Bishop Rogelio Livieres Plano has accepted in obedience Pope Francis' decision to remove him from governance of the Ciudad del Este diocese, though he says the action resulted from a flawed apostolic visitation and that his country is in vital need of Christian renewal.

"As an obedient son of the Church, I nevertheless accept this decision, despite considering it to be unfounded and arbitrary," Bishop Livieres said in a Sept. 25 letter to Cardinal Marc Ouellet, prefect of the Congregation for Bishops.

"Despite so much discourse about dialogue, mercy, openness, decentralization, and respect for local Churches, I haven't have the opportunity to talk to Pope Francis, not even to clarify a doubt or a concern."

On Sept. 25 the Holy See announced that Pope Francis has decided to remove the bishop from the Diocese of Ciudad del Este "for serious pastoral reasons and for the greater good of the unity of the Church in Ciudad del Este and the episcopal communion in Paraguay."

Bishop Ricardo Valenzuela Rios of Villarrica del Espiritu Santo has been appointed as apostolic administrator of the diocese while it is vacant.

Bishop Livieres' removal followed a five-day apostolic visitation of the diocese which took place in July. At the end of that month, it was announced that ordinations in the diocese were to be suspended.

Bishop Livieres, who had led the diocese since 2004, said he has still not seen the documents regarding the apostolic visitation and has not been able to "adequately respond to it."

He said the document removing him from his office "gives as justification for such a grave decision the tension in the ecclesial community between the bishops of Paraguay, and my person and diocese."

Bishop Livieres opened a major seminary soon after his arrival in the diocese. He shortened its formation period to four years on the grounds that new priests were urgently needed. More than 60 graduates of the seminary have become priests in the last ten years. The diocese also opened a minor seminary and an institute for priestly formation.

Before Bishop Livieres' removal, a statement on the diocese's website charged that the Paraguayan bishops "resisted" these seminaries because they would "break the monolithic scheme of priestly formation" in practice at Paraguay's national seminary.

Bishop Livieres defended the seminaries of his diocese, noting that the Congregation for Catholic Education found "defective formation" in Paraguay's national seminary.

"Our diocesan seminary has provided excellent fruits recognized by recent laudatory letters from the Holy See in at least three occasion during the previous pontificate, by the bishops who have visited us, and most recently, by the apostolic visitators. Every single suggestion made by the Holy See regarding how to improve the formation has been faithfully fulfilled."

He also noted that Church unity "is built from the Eucharist and from respect, observance, and obedience to the faith of the Church, normatively taught by the Magisterium, articulated by ecclesial discipline, and lived in the liturgy."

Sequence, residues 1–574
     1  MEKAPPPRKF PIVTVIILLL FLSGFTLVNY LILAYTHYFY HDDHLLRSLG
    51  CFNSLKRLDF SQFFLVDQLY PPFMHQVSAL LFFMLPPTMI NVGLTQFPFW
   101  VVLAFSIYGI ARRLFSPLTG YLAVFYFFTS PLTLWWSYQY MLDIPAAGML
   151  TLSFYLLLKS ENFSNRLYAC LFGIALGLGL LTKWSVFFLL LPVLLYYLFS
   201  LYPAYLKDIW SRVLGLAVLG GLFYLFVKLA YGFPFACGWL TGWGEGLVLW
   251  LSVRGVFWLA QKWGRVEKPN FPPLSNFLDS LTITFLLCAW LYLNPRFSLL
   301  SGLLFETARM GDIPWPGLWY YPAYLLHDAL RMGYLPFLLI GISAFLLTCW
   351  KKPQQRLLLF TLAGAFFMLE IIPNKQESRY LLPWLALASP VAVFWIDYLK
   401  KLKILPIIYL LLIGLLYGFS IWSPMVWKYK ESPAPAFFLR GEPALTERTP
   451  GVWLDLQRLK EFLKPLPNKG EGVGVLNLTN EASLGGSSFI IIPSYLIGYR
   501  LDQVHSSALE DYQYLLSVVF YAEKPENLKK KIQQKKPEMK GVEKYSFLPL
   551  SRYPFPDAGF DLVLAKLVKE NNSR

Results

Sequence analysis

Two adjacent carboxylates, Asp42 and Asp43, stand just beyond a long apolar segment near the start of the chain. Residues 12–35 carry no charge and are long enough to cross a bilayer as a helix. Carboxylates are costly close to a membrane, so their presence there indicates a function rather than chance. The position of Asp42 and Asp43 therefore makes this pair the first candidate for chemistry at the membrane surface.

"Now, instead, there is a desire to impose a unity not based upon divine law, but upon human agreements and a maintenance of the status quo."

Another "criterion of ecclesial unity" in the Paraguayan situation, he said, "is uncritical coexistence among ourselves based on a uniformity of action and thought, which excludes dissent in defense of truth and legitimate variety of gifts and charisms."

"This ideological uniformity is imposed with the euphemism of 'collegiality.'"

The bishop said that the faithful of Paraguay suffer from the poor state of the Church there. He said the other local Churches are "lethargic" and there is a "large exodus" to other Christian denominations.

"The true problem of the Church in Paraguay is the crisis of faith and moral life that an ill formation of the clergy has been perpetuating, together with the negligence of its shepherds."

He said "opposition to any renewal and change" is found not only among bishops, but also among political and anti-Catholic groups and some religious in the Paraguayan Religious Conference. He attributed attitudes among the last group to "the worldwide crisis in religious life."

Bishop Livieres, who was ordained a priest of Opus Dei, said he had been subject to "attacks and maneuvers" since before he became bishop, as shown in correspondence between the bishops of Paraguay and the Congregation for Bishops.

"My case has not been the only one in which a bishops' conference has systematically opposed an appointment made by the Pope. I had the blessing of being supported by St. John Paul II and Benedict XVI. I understand that Pope Francis has decided to pull his support."

Bishop Livieres voiced a desire to avoid "useless complaints," but said the apostolic visitation proceeded "without formalities" and in "an unpredictable manner" that did not provide a chance to defend himself against accusations or to correct possible mistakes.

He added that "the Pope will have to give an account to God" of the decision, "not to me."

The investigation into the Ciudad del Este diocese has drawn attention to a priest whom Bishop Livieres allowed to minister there.

Until July, the diocese's vicar general was Fr. Carlos Urrutigoity, an Argentine native who has been accused of sex abuse in multiple ountries. He was accused in a lawsuit of sexual misconduct involving a student at the now-closed St. Gregory's Academy in the Diocese of Scranton.

In 2002, the priest was suspended by Scranton's then-bishop, along with another priest in the Society of St. John, an association of the faithful that Fr. Urrutigoity had founded and which the local bishop also suspended.

The Diocese of Scranton has said that it voiced "serious cautions" and "grave doubts" to Bishop Livieres about the priest's suitability, but that the Paraguayan bishop told the diocese he would allow Fr. Urrutigoity to serve as a priest.